Formal education can be described as what students should learn that has been laid down by the syllabus (Urevbu, 1985). As a result, it can be referred to as the publicly chosen body of knowledge that the government, via the Ministry of Education, by subject matter institutes, or regional education authorities, or whichever body is concerned with offering education, would like students to learn.
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The formal curriculum, also called official curriculum, is the curriculum that is not only written, but also published such as course documentation (McKimm, 2003).
According to the University of Zimbabwe Distance Education (1995), a formal curriculum refers to the entire work that is planned and used by teachers in conjunction with students.
The formal curriculum is intended to fulfill specified objectives of education of recognized groups of students or learners in their changeable settings. In other words, formal curriculum can be said to be chosen written courses or programs that students experience.
According to Urevbu (1985), informal curriculum refers to the curriculum in use. In view of the fact that instructors or teachers may not be able to stick on to the offered formal curriculum, they can include additional features of knowledge that are usually derived from supplementary sources.
As a result, these extra materials are known as ‘informal curriculum’. According to UNESCO (1997), informal (non-formal) curriculum refers to structured and nonstop educational actions that do not characterize formal education, and may take place both inside and outside educational institutions.
A number of examples of the formal curriculum include things like lecturers’ handouts, course guides and the prospectus. On the other hand, activities such as rugby and other games events and clubs, Fresher’s week, treating Asian or female students in a different way, the different ‘ethnic groups and territories’ established in different areas of expertise, are examples of informal curriculum.
A case in point of informal curriculum is a case where a mother teaches her child basic aspects of language and grammar at home, before the child goes into a formal education institution (Eaton, 2011).
Contrasting formal and informal curricula
|Formal Curriculum||Informal Curriculum|
|1||Mostly deals with young children and adolescents||Deals with people of all ages|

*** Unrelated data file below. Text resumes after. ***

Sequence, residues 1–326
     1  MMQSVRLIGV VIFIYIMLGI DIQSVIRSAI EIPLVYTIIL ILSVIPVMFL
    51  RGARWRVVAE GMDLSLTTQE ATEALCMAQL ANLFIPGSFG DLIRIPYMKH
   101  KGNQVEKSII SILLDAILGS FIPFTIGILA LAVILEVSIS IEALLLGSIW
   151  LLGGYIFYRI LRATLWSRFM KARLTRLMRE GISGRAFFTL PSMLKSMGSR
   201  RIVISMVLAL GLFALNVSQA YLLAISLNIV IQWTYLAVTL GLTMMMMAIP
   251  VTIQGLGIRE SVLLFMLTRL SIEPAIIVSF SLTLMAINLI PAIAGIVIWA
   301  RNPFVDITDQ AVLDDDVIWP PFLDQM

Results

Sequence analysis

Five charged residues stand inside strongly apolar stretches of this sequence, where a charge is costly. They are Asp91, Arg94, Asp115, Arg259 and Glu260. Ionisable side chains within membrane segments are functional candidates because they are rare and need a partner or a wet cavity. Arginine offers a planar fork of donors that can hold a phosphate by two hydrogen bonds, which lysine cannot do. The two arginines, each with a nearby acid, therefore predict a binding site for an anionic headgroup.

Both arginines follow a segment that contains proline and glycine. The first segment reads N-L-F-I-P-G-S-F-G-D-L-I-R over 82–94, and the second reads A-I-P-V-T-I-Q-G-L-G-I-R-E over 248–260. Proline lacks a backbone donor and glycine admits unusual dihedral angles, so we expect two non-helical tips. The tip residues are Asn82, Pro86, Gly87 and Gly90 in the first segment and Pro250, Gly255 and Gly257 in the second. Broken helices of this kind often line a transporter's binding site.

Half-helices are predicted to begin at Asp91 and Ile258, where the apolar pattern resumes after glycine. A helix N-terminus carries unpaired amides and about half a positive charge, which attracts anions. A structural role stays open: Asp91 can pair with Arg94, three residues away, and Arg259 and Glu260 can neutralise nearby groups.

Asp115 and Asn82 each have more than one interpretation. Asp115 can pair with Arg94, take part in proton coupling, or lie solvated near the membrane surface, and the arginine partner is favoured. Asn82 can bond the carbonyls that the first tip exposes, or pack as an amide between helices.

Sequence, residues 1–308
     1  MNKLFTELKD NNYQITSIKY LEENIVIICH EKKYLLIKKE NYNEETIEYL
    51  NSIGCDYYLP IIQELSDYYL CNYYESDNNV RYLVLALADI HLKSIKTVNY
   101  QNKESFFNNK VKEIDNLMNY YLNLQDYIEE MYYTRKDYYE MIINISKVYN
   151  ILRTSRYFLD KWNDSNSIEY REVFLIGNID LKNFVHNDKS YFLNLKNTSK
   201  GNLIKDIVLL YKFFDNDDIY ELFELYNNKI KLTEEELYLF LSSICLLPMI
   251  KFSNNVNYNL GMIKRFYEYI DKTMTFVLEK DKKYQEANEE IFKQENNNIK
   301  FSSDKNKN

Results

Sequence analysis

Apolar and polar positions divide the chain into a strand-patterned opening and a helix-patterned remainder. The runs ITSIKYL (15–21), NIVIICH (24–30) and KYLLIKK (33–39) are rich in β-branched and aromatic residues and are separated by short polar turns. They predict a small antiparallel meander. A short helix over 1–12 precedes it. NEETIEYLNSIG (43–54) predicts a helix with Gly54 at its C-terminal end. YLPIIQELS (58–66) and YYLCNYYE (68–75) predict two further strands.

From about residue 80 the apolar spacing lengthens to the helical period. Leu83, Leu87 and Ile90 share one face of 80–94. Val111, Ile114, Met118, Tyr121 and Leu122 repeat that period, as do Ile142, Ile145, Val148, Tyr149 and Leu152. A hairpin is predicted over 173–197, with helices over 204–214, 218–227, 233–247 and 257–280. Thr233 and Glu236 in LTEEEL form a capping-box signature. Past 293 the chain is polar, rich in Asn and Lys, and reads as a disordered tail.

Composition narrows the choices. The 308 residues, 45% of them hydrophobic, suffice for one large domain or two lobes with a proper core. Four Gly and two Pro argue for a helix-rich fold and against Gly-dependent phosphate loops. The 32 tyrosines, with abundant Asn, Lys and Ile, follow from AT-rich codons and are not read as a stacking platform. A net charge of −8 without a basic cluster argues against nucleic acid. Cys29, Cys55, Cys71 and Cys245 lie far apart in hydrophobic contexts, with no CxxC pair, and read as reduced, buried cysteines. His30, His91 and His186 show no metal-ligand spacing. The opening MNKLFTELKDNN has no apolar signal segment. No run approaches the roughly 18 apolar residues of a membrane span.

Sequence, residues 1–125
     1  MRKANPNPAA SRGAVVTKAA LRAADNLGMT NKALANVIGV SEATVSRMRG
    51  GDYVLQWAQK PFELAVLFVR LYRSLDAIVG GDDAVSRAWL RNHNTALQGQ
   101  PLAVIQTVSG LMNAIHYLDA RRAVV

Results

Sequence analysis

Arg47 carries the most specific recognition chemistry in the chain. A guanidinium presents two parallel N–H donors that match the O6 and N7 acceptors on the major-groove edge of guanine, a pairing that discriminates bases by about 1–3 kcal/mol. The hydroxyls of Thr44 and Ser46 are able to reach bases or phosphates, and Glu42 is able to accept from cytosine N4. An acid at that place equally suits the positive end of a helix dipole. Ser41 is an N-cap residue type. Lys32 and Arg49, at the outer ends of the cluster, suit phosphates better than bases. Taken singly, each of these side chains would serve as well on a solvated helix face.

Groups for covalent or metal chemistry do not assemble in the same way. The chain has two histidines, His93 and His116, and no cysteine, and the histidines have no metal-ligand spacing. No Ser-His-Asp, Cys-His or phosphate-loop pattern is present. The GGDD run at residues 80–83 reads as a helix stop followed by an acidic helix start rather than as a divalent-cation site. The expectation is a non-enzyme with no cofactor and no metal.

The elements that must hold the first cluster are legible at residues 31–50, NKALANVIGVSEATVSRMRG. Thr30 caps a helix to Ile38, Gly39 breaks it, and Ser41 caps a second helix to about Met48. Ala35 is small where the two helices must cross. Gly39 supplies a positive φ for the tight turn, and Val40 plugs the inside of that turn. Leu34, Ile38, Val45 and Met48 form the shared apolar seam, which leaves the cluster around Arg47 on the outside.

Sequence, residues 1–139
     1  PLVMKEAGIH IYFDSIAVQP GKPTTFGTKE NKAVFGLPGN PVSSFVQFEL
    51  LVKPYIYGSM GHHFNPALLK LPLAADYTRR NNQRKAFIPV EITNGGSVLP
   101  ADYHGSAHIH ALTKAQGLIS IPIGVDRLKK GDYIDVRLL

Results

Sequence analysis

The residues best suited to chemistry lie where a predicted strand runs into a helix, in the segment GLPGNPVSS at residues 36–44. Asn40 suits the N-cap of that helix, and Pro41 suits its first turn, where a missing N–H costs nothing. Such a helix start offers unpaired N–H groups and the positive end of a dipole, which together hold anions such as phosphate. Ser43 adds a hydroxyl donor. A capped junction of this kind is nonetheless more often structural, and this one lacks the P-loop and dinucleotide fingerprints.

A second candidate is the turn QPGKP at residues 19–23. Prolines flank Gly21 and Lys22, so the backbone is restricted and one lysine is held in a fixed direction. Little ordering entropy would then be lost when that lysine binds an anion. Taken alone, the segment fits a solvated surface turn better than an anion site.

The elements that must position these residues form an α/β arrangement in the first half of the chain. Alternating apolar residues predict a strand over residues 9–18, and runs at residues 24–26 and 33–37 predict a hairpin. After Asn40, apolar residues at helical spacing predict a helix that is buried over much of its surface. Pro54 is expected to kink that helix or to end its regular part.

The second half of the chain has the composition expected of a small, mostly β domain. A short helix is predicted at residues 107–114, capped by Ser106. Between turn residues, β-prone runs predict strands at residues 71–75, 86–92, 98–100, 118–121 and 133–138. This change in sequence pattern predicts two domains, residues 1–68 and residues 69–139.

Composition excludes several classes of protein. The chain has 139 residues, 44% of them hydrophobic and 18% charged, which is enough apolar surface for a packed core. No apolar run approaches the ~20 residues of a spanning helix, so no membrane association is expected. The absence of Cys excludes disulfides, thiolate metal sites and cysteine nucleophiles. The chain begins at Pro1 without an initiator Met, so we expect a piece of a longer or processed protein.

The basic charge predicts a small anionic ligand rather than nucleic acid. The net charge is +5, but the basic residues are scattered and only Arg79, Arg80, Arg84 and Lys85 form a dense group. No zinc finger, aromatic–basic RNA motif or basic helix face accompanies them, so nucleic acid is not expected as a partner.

|2||Confers certification to the learning achieved||May or may not award certification to the learning achieved|
|3||Takes place within educational institutions||Can take place inside or outside educational institutions|
|4||In general, classrooms have the same teachers and the same students every day.||Generally, the programs are usually drop-in. as a result attendance and leadership are not consistent.|
|5||In most cases, classroom activities go on for a number of days.||In most cases the programs are required to bring to an end each day’s activity since a different group of participants could be in attendance the following day.|
|6||It can be assumed teachers or instructors have undergone a specified level of training in classroom management, educational philosophy, effective teaching strategies, and content.||In contrast, informal curriculum providers have varied levels of experience and knowledge of teaching methods, group management, and expertise in content.|
|7||Teachers and instructors are required to meet certain educational standards. In addition, they must follow a particular curriculum. As a result, it is difficult for them to slot in nontraditional content.||On the contrary, informal programs are more flexible as regards their content.|
|8||It is predictable and can be controlled||One cannot predict or preemptively have power over this kind of curriculum. It is very idiosyncratic and unpredictable.|
Source: Enhancing education, 2002.
Eaton, S.E. (2011). Family Literacy and the New Canadian: Formal, Non-Formal and Informal Learning: The Case of Literacy, Essential Skills and Language Learning in Canada, National Metropolis Conference, Vancouver, B.C.
Enhancing education. (2002). Formal vs. Informal Education. Web.
Marshall, K. (2004). Let’s clarify the way we use the word “curriculum.” Education Week, 24(1), 43.
McKimm, J. (2003). Curriculum design and development. Web.
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UNESCO. (1997). International standard classification of education ISCED 1997. Paris: UNESCO.
University of Zimbabwe. (1995). Curriculum Implementation,Change and Innovation. Harare: Centre for Distance Education, University of Zimbabwe.
Urevbu, A.O. (1985). Curriculum Studies. Ikeja: Longman.